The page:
Sweet cherries are produced by some cherry tree varieties, whereas sour cherries, sometimes known as pie cherries, are produced by others. Sweet cherries are grown in the western United States and are regularly sold in marketplaces.
Sweet cherry trees reach a height of 30 to 35 feet and have an equal spread. Sour cherry trees can reach a height of 20 feet and are self-fruitful. Like other fruit trees, cherry trees need at least six hours of direct sunlight per day to flourish and produce fruit.
What Happens if Cherries Don’t Get Enough Sunlight?
Fruit trees, including cherry trees that don’t get enough sunshine, may produce fewer blossoms, delayed fruit set, and reduced yields. Trees that are sheltered from the sun grow leggy.
If you’re going to plant a cherry tree, make sure it’s in a spot where it’ll get plenty of sunlight and won’t be shaded by other trees or structures. The importance of sunlight in the development of excellent, deep-colored cherry cannot be overstated.
Sunlight and Spacing
It’s critical to properly place cherry trees so that they have enough sunlight, excellent air circulation, and room to thrive. Pollination requires two sweet cherry-producing trees, which should be spaced at least 25 to 30 feet apart but no more than 100 feet apart.
Sour, or tart, cherry trees require less space, at 20 to 24 feet. Due to the fact that sour cherry-producing trees are self-pollinators, only one tree or variety is required for adequate fruit output. Cherry trees that produce sour cherries are poor pollinators for sweet cherry plants.
Sunlight and Pruning
Pruning a sweet cherry tree is necessary to keep its shape and size while also allowing sunlight to pass through its canopy. A sour cherry-producing tree also necessitates training and pruning. After the third year of growth, the tree’s branches must be thinned to allow enough sunshine to reach the entire tree.
For both types of cherry trees, only minor trimming is required. Pruning is primarily used to remove dead wood and thin the canopy.
Protection from Sunlight
Although a cherry tree needs direct sunlight to thrive, a young cherry tree will often require shade to avoid sunburn on its trunk and exposed limbs as it matures.
To help deflect scorching sunlight from the tree until it grows a sufficient canopy, which normally takes a few growing seasons, you can paint its trunk and exposed major limbs with a whitewash combination of half water and half white latex paint. This method is especially critical for a tree trunk that faces south or west.
How to Plant and Grow Cherry Trees
Cherry trees need healthy, well-drained soil to thrive. Because they are prone to root rot, the soil must drain effectively. They also need roughly eight hours of direct sunlight per day, so you can’t put them in the shade of other trees. Sour cherry trees are self-pollinators, according to any cherry tree care manual. This implies that they don’t need more than one tree to yield fruit.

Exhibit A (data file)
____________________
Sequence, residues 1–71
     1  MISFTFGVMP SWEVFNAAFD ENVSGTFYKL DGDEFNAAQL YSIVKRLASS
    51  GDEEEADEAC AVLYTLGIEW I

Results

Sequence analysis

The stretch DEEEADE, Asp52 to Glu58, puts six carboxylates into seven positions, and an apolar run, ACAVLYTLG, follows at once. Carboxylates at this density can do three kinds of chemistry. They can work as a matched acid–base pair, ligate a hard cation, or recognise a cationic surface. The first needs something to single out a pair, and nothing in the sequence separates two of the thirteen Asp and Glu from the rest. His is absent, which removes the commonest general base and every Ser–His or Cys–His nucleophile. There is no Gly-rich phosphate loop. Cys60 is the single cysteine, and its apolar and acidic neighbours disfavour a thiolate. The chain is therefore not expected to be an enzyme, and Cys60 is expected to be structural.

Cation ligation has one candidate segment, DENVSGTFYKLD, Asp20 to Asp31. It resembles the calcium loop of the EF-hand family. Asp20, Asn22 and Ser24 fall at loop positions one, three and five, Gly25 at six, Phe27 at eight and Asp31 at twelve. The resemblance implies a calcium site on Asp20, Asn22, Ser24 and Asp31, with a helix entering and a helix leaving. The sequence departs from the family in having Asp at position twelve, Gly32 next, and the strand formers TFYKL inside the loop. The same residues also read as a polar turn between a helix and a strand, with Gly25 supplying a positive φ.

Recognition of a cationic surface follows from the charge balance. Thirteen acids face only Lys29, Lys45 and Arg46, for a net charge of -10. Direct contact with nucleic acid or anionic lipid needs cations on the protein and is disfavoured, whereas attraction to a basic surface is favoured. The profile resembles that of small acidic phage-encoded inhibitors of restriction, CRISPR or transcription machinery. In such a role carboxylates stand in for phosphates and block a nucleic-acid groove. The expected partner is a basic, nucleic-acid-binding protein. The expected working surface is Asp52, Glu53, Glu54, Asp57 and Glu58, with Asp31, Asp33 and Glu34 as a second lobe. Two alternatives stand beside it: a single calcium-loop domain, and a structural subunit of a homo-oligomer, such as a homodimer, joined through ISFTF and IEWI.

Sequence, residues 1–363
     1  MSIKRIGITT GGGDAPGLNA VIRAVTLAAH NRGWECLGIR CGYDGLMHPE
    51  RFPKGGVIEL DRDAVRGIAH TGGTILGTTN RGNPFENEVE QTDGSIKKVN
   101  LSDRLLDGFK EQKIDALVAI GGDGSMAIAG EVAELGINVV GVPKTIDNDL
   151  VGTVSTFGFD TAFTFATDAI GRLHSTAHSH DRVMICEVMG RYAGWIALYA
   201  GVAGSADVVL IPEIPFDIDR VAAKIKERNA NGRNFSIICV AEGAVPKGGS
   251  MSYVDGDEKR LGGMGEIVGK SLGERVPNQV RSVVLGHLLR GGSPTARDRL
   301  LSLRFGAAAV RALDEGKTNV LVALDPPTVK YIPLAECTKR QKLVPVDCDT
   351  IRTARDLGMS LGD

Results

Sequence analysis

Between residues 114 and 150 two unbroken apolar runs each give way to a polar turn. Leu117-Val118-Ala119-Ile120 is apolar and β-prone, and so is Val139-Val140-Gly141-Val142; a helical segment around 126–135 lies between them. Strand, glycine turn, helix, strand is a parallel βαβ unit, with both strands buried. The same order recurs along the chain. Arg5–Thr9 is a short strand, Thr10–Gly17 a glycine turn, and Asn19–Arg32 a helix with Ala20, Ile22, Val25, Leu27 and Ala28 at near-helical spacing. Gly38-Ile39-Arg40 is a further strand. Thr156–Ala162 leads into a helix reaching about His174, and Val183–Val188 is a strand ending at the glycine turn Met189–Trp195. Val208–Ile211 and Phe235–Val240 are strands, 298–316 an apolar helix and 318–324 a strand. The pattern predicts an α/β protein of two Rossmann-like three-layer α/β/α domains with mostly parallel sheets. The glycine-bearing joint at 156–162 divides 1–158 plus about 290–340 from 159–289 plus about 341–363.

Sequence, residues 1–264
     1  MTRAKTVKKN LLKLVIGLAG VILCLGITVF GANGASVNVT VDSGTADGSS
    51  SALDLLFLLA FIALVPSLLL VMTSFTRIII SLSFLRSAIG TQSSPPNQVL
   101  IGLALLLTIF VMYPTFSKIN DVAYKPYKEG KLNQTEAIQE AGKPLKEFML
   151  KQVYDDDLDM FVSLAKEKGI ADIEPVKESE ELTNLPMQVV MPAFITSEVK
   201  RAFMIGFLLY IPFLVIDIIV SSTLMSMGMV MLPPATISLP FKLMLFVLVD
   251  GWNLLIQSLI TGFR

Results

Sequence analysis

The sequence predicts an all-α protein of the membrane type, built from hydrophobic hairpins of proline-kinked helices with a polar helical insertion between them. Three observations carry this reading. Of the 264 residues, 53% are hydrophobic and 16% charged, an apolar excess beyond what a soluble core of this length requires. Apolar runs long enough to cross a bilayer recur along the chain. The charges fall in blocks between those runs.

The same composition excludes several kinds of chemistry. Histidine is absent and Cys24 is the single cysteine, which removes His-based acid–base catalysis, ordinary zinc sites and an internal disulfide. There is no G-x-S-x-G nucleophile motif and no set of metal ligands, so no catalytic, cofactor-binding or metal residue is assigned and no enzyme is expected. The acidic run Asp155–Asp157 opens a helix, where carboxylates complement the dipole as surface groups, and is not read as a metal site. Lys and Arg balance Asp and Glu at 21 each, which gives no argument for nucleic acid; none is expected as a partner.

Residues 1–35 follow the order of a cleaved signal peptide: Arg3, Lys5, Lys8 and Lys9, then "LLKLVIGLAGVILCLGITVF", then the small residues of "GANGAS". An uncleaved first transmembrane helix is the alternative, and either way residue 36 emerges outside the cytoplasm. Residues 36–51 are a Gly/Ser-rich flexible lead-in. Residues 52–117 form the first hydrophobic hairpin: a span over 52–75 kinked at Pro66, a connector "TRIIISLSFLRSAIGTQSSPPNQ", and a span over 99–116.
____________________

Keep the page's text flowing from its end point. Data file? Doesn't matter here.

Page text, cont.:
However, for good cherry tree pollination, you’ll need at least a couple of trees if you grow the sweet kind. When growing cherry trees, make sure to plant them on higher ground. Low-lying places experience more frost in the early spring, so you don’t want to plant them there. The flowers of young cherry trees are extremely vulnerable to frost damage, resulting in a decreased fruit harvest.
Sweet cherry trees blossom earlier than sour cherry trees, making them more vulnerable to frost. When it comes to cherry tree care, it’s also important to remember to have the trees pruned so that they produce a decent crop of fruit. Cherry trees that are pruned properly yield more fruit and produce it in greater quantities.
How to Harvest Cherries
Cherries are a favorite of birds. As a result, you’ll have to either share your cherries with them or cover your tree with netting to keep the birds away from your crop. You can often deter birds from taking as much by suspending scare devices, like aluminum pie plates, from tree limbs. Taste the cherries before collecting them from your budding cherry trees.
When sour cherries are fully ripe, they are tender and juicy. When the color of the sweet cherry is consistent, and they have a sweet flavor in a meaty fruit, they are ready to consume. Harvest your cherries while they’re still attached to the stem. This helps to keep them fresh after you’ve picked them. Also, if the stem is still attached after harvest, they maintain better and last longer.
In a nutshell, cherries require direct sunlight to grow. If you don’t pay attention to this aspect, your cherry trees won’t grow properly and provide the quantities of food you desire. In addition to sunlight, there are other aspects that you need to pay attention to. These have all been discussed above.